Title: Climate change impacts of power generation from residual biomass
Authors: GIUNTOLI JACOPOAGOSTINI ALESSANDROCASERINI StefanoLUGATO EMANUELEBAXTER DavidMARELLI Luisa
Citation: BIOMASS & BIOENERGY vol. 89 p. 146-158
Publisher: PERGAMON-ELSEVIER SCIENCE LTD
Publication Year: 2016
JRC N°: JRC97282
ISSN: 0961-9534
URI: http://www.sciencedirect.com/science/article/pii/S0961953416300459
http://publications.jrc.ec.europa.eu/repository/handle/JRC97282
DOI: 10.1016/j.biombioe.2016.02.024
Type: Articles in periodicals and books
Abstract: The European Union relies largely on bioenergy to achieve its climate and energy targets for 2020 and beyond. We assess, using Attributional Life Cycle Assessment (A-LCA), the climate change mitigation potential of three bioenergy power plants fuelled by residual biomass compared to a fossil system based on the European power generation mix. We study forest residues, cereal straws and cattle slurry. Our A-LCA methodology includes: i) supply chains and biogenic-CO2 flows; ii) explicit treatment of time of emissions; iii) instantaneous and time-integrated climate metrics. Power generation from cereal straws and cattle slurry can provide significant global warming mitigation by 2100 compared to current European electricity mix in all of the conditions considered. The mitigation potential of forest residues depends on the decay rate considered. Power generation from forest logging residues is an effective mitigation solution compared to the current EU mix only in conditions of decay rates above 5.2% a−1. Even with faster-decomposing feedstocks, bioenergy temporarily causes a STR(i) and STR(c) higher than the fossil system. The mitigation potential of bioenergy technologies is overestimated when biogenic-CO2 flows are excluded. Results based solely on supply-chain emissions can only be interpreted as an estimation of the long-term (>100 years) mitigation potential of bioenergy systems interrupted at the end of the lifetime of the plant and whose carbon stock is allowed to accumulate back. Strategies for bioenergy deployment should take into account possible increases in global warming rate and possible temporary increases in temperature anomaly as well as of cumulative radiative forcing.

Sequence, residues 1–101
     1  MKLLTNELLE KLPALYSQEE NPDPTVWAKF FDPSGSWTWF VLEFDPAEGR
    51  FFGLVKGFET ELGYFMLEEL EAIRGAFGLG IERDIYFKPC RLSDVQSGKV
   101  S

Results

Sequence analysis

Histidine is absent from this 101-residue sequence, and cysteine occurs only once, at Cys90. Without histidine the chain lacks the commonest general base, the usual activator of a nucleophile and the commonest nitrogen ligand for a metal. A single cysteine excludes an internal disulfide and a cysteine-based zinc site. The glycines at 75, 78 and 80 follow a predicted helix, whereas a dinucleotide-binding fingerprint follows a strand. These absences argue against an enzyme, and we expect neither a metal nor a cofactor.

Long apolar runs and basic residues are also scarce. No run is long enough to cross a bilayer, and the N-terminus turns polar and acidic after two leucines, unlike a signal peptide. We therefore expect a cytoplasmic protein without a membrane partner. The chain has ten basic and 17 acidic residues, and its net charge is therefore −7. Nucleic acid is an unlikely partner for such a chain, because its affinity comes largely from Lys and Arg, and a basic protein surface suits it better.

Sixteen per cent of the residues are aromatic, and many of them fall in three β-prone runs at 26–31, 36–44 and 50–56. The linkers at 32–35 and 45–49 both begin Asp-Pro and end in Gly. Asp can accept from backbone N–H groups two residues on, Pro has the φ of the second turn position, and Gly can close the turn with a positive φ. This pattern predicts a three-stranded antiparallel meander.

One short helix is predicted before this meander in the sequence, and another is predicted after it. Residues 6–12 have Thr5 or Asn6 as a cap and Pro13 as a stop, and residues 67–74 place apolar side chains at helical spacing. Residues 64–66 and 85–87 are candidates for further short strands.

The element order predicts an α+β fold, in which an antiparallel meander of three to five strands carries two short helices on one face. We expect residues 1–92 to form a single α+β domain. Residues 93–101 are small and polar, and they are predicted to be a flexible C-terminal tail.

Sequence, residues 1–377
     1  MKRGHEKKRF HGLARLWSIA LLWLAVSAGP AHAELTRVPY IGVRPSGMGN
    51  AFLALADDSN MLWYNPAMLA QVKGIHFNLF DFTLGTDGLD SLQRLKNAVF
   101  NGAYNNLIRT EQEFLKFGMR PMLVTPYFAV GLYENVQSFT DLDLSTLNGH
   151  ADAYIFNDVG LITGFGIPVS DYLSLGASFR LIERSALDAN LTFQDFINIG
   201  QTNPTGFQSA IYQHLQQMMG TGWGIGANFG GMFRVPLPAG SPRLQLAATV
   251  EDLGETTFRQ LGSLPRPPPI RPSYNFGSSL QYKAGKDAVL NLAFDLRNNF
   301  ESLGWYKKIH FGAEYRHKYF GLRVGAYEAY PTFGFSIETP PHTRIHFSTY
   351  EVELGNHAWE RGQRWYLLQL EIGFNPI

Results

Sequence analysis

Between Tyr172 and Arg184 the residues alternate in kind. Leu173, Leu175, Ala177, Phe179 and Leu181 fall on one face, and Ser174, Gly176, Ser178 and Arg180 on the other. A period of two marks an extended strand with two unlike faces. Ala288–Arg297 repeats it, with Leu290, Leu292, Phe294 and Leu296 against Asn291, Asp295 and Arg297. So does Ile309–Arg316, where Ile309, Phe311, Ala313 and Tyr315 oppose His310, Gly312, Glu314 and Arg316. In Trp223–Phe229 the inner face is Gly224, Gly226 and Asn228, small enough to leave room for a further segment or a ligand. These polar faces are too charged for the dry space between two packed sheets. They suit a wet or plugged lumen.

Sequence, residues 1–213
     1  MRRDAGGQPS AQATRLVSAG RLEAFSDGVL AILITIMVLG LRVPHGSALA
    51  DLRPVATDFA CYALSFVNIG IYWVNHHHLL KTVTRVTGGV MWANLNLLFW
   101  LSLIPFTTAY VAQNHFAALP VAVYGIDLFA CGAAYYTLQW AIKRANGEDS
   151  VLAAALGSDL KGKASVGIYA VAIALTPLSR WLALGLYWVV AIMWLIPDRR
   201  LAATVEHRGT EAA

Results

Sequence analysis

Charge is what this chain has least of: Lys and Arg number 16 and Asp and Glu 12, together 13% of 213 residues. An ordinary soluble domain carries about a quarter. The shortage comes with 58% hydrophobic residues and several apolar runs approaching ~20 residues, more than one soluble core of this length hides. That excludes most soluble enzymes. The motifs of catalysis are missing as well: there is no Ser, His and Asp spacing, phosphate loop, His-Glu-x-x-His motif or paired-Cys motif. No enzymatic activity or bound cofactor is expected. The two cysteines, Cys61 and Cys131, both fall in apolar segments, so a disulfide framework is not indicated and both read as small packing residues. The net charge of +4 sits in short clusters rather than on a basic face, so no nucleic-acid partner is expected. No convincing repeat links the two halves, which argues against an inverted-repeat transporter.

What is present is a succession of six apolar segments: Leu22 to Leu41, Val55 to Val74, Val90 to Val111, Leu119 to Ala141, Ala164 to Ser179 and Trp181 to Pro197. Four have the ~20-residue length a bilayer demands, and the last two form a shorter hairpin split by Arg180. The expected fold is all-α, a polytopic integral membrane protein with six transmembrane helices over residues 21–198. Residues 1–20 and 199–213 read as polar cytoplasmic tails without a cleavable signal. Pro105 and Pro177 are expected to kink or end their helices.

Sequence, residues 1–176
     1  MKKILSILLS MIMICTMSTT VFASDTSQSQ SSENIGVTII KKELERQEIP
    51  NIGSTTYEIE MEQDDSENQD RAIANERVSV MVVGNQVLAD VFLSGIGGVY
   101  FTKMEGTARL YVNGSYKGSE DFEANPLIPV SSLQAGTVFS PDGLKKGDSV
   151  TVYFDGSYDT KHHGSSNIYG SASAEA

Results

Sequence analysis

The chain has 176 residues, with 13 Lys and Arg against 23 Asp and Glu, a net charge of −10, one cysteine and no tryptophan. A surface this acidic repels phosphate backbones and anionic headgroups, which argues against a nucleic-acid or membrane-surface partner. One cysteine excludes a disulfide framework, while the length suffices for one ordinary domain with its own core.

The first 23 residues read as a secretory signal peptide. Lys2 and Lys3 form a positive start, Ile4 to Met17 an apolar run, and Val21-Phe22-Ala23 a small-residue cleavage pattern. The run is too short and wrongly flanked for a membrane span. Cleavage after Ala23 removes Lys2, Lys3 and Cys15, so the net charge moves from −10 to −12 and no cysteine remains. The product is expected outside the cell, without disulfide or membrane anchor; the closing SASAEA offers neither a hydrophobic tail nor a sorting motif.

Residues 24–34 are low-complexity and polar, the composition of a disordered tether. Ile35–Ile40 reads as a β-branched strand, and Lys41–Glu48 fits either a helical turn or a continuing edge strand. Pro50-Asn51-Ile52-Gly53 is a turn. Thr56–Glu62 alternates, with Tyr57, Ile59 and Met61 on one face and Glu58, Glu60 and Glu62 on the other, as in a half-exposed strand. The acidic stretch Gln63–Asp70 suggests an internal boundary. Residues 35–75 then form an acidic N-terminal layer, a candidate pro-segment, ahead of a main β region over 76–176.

JRC Directorate:Energy, Transport and Climate

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